The September 6, 1620 trip to the new world, in which 102 passengers, who had been dubbed Pilgrims by William Bradford, one of the passengers who would become the first governor of Plymouth Colony, was a crowded, grueling trip on the Mayflower to a new life in the New World. The trip was filled with hardship, and sometimes even loss. Nevertheless, the pilgrims knew it had to be taken. The situation actually began in 1606, when a group of reform-minded Puritans in Nottinghamshire, England, founded their own church, that was separate from the state-sanctioned Church of England. This was truly the reason why “Freedom of Religion” is such an important part of our constitution. Many people dispute that fact that our nation was formed on religious principles, but it was, from the very core of the move here.
On November 11, 1620, the Mayflower anchored at what is now Provincetown Harbor, Cape Cod. Of course, it was mandatory that they scout out the new land to make sure it was safe before bringing the women and children there. Before going ashore, 41 male passengers…heads of families, single men and three male servants…signed the famous Mayflower Compact, agreeing to submit to a government chosen by common consent and to obey all laws made for the good of the colony. Over the next month, several small scouting groups were sent ashore to collect firewood and scout out a good place to build a settlement.
Around December 10, one of these groups found a harbor they liked on the western side of Cape Cod Bay. They returned to the Mayflower to tell the other passengers, but bad weather prevented them from docking until December 18. After exploring the region, the settlers chose a cleared area previously occupied by members of a local Native American tribe, the Wampanoag. The travel weary pilgrims finally prepared to begin their new settlement, Plymouth Colony. The Wampanoag tribe had abandoned the village several years earlier, after an outbreak of European disease. That winter of 1620-1621 was brutal, as the Pilgrims struggled to build their settlement, find food and ward off sickness. They were less than highly successful, because by spring, 50 of the original 102 Mayflower passengers were dead. The remaining settlers made contact with returning members of the Wampanoag tribe, and in March they signed a peace treaty with a tribal chief, Massasoit. Aided by the Wampanoag, especially the English-speaking Squanto, the Pilgrims were able to plant crops…especially corn and beans…that were vital to their survival. The Mayflower and its crew left Plymouth to return to England on April 5, 1621.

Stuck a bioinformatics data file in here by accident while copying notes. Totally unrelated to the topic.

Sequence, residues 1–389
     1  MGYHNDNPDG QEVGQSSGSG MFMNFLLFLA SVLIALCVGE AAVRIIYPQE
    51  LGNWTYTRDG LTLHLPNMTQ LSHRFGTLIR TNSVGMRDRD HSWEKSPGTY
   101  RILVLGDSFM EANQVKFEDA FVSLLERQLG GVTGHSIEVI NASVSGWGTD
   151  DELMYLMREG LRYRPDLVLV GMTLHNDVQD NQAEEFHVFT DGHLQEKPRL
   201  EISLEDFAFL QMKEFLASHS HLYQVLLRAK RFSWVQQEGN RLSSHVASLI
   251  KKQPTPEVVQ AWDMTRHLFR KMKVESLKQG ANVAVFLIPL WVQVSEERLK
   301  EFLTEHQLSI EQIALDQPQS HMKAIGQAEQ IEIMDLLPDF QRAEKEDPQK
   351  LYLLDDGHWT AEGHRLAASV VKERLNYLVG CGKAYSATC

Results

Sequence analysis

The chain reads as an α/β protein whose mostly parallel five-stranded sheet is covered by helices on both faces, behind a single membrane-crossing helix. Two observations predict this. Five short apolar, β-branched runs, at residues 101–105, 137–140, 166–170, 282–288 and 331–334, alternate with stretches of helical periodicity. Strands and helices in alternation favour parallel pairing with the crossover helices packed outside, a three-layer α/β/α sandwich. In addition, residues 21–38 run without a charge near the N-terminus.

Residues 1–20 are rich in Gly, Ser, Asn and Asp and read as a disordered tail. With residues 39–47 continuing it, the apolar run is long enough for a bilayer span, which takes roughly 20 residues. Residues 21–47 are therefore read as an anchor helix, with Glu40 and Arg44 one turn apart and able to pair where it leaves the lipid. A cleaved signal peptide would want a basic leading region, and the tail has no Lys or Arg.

Over the next several decades, more and more settlers made the trip across the Atlantic to Plymouth, which gradually grew into a prosperous shipbuilding and fishing center. In 1691, Plymouth was incorporated into the new Massachusetts Bay Association, ending its history as an independent colony. And the rest, as they say, is history.
Thanksgiving Day is behind us for this year, of course, but today is a day that ties into Thanksgiving in a big way. On September 16, 1620, the Mayflower left Plymouth, England on its way to the New World. I can’t begin to imagine how so many of our ancestors must have felt at that time. It was going to be a long voyage, and some of them might not make it to the end of the trip, but going was worth the risk. There were 102 passengers on the 90 foot ship. The ship was bound for Virginia, where the colonists half of whom were religious dissenters and half of whom were entrepreneurs, and all of whom had been authorized to settle in the New World by the British crown. The trip was difficult, with rough seas and storms that blew the ship 500 miles off course. When they landed, it was in Massachusetts and not Virginia that the colonists found themselves, and I guess they were not bound by the exact location, because no one was there to tell them that they had to move. So they settled there.
I did not recognize anyone on the passenger list that I specifically knew to be related to me, but there were numerous sir names that I have seen in my own family history. In researching the genealogy of the people from the Mayflower however, I find that we are related to some of them because, some of the people that we know that we are related to are related to some of them. An expedition of men was sent out to scout the land, and the ship remained anchored at the tip of Cape Cod in what is now Provincetown harbor in present day Provincetown, Massachusetts. While the men were out scouting for a suitable place to build a town, Susanna White, a passenger on the ship, gave birth to her second child, a son named Peregrine. He was the first English child born in New England.